An international team of scientists, including University of Colorado School of Medicine and Children's Hospital Colorado researchers, has discovered a new disease related to an inability to process Vitamin B12.
The disorder is rare but can be devastating.
"Some people with rare inherited conditions cannot process vitamin B 12 properly," says CU researcher Tamim Shaikh, PhD, a geneticist and senior author of a paper about the new disease. "These individuals can end up having serious health problems, including developmental delay, epilepsy, anemia, stroke, psychosis and dementia."
The discovery is important because it could help doctors diagnose the disease and, eventually, could lead to prevention or treatment. But there is more to the story than that.
A 9-year-old Colorado boy named Max Watson, who because of his metabolic disease uses a computer to communicate, was the first patient in whom this discovery was made.
His older sister Abbey, 15, volunteered in the CU lab that helped achieve this medical breakthrough.
His parents cooperated with the study knowing that the results likely would not help their son but might help future patients.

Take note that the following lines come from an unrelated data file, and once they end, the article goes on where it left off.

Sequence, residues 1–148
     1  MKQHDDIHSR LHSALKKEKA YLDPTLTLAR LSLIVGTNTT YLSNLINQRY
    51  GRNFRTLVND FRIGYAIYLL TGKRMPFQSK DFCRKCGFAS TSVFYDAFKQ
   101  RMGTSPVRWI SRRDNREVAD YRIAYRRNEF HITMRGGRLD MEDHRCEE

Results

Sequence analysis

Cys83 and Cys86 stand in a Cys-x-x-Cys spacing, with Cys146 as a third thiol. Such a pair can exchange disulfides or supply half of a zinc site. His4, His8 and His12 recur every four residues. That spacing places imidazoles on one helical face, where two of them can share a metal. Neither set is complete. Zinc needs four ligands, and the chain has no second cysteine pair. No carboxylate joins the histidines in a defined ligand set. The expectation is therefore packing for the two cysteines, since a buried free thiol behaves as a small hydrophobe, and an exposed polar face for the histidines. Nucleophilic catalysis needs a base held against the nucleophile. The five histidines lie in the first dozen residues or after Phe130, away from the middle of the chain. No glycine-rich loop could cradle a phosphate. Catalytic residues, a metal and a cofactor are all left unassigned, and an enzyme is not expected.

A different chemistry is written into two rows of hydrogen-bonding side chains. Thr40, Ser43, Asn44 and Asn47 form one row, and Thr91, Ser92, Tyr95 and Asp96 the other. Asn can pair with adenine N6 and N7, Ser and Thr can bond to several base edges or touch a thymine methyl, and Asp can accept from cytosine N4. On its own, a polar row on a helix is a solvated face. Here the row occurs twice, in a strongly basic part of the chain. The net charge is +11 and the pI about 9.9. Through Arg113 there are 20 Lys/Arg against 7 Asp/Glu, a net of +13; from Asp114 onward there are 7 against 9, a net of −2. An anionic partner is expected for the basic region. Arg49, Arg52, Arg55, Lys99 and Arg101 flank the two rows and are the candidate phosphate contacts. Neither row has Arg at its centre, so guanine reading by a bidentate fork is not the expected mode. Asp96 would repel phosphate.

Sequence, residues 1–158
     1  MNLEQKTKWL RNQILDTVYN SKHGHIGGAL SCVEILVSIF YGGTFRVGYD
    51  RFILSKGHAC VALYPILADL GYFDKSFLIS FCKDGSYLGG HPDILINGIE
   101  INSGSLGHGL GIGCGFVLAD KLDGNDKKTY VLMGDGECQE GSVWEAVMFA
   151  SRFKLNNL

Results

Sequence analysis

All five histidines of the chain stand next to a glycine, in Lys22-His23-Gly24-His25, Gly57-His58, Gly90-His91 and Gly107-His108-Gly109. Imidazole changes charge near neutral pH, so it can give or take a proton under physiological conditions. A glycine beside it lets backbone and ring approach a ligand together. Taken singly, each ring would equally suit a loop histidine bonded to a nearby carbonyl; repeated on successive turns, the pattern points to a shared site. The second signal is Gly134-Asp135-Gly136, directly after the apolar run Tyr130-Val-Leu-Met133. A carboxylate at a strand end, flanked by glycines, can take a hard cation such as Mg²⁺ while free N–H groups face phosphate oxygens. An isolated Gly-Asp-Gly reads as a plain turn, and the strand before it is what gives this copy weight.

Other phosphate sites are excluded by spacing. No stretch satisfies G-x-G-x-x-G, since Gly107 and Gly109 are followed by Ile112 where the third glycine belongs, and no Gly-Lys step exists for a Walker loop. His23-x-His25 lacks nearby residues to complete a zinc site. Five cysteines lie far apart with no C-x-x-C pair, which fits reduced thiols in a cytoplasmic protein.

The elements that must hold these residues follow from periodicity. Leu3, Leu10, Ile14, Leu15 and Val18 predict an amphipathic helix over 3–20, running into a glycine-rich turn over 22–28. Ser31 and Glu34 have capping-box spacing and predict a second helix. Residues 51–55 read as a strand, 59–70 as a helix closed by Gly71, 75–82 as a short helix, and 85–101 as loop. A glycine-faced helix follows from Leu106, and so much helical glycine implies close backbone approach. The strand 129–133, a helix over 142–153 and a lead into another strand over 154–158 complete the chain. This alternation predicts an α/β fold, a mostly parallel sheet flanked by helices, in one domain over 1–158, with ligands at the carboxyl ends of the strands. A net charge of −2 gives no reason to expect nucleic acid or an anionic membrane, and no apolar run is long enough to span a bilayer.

The discovery, published today in The American Journal of Human Genetics, illustrates the complex and relatively new realm of medical discovery where researchers peer into the genetic make-up of patients to discern what went wrong to cause a disease.
Vitamin B 12 also is called cobalamin. The new disease is called cobalimin X, or cblX.
Obtained from foods such as milk, eggs, fish and meat, B 12 is essential to human health because it helps the body convert food into fuel. It's vital to the nervous system and for making red blood cells.
Max was born with symptoms that looked like he had a B 12 problem called cobalamin C deficiency or cblC for short, which, like its newly discovered counterpart, can show up in utero.
The gene for cblC had been discovered by researcher
|Contact: Dan Meyers|
University of Colorado Denver